Alcohol and Brain Damage

Does Alcohol Cause Brain Damage?

You know the old adage that drinking alcohol kills brain cells? Well, It turns out there is actually something to that. Numerous studies show that perpetual, heavy drinking can cause significant mental deficits, mostly in the form of gray matter. While chronic drinking will affect anyone, alcohol use during critical periods of brain development such as prenatally or during teenage years is particularly dangerous.

 Animated brain standing behind ethanol still.

 

But how much alcohol is too much and when are you at risk for neural loss?

 

Firstly, it’s important to note that alcohol doesn’t actually cause brain cells to die. In fact, some research suggests that moderate drinking can have some health benefits, including improved cognitive abilities and lowered cholesterol levels.

 

One study that involved comparing the number of neurons found in the brains of alcoholics and non-alcoholics found that there was no difference in neocortical neurons between the two groups.

 

Alcohol does, however, damage the dendrites located in the cerebellum of your brain and this, in turn, reduces the communication between neurons. Researchers discovered that binge drinking not only disrupts communication between neurons - it can alter their structure. Chronic use of alcohol can also cause gray matter of the brain to build up. Gray matter is the same stuff associated with Alzheimer’s, dementia, and chronic head trauma in football players. In other words, while alcohol doesn’t actually kill brain cells, it does impact how your brain functions.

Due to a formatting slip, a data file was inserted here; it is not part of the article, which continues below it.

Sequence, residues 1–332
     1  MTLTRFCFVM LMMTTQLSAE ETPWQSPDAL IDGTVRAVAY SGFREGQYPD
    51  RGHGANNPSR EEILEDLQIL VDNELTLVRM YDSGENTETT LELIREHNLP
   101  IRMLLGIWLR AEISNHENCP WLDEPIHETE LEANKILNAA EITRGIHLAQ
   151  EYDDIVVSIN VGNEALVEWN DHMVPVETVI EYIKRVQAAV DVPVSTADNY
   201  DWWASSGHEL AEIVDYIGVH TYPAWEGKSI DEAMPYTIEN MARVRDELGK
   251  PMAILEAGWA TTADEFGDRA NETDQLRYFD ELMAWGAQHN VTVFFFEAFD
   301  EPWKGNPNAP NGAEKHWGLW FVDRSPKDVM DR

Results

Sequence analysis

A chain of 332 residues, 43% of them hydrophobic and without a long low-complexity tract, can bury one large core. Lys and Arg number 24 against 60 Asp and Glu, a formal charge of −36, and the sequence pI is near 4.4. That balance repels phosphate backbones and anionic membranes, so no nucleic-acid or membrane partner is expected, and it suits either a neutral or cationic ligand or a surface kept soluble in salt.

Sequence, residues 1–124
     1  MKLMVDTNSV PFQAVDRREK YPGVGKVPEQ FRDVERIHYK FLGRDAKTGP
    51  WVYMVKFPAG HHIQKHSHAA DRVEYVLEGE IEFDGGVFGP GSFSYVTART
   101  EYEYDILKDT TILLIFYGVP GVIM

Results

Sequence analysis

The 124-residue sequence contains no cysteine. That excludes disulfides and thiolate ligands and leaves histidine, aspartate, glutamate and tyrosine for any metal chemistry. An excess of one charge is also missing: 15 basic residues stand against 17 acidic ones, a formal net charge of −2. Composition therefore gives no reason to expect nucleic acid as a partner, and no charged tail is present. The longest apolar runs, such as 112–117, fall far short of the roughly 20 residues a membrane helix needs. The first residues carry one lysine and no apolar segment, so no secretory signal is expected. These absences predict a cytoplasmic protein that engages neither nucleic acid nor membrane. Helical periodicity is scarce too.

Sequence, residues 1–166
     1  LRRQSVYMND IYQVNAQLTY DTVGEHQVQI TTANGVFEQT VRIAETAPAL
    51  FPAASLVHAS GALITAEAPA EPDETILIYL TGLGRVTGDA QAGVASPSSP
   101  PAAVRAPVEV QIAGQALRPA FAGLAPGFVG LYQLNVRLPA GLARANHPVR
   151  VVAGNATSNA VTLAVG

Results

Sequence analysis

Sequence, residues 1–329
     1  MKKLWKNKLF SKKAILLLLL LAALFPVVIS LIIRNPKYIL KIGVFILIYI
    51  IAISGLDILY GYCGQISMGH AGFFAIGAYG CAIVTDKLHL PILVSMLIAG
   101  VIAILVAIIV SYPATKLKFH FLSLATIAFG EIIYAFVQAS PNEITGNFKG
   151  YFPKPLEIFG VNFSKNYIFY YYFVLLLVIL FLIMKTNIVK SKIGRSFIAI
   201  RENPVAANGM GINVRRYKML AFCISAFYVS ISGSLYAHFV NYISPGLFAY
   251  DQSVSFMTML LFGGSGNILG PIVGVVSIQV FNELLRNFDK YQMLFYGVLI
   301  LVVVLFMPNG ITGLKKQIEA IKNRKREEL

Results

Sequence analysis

Long-term alcohol abuse can also lead to a deficiency in thiamine which can cause Wernicke-Korsakoff syndrome. This is a serious neurological disorder characterized by memory loss, amnesia, and lack of muscle coordination and motor skills.

 

Something else to consider: While alcohol might not actually "kill" brain cells, research does suggest that high levels of alcohol can interfere with neurogenesis or the formation of NEW brain cells.

 

Here’s the good news: you actually can reverse the impact of chronic drinking by (shocker!) stopping drinking. Of course, this doesn’t happen overnight. But if you are a heavy drinker and you want to reverse the impact alcohol has had on your brain, giving up alcohol for a prolonged period of time can heal the brain and return it back to its normal, healthier state.

 

Bottom line: you can enjoy a glass or two of wine at dinner every few nights. However, drinking heavily can have long-term consequences. It’s not too late to restore the brain damage that may have occurred by quitting drinking cold turkey.


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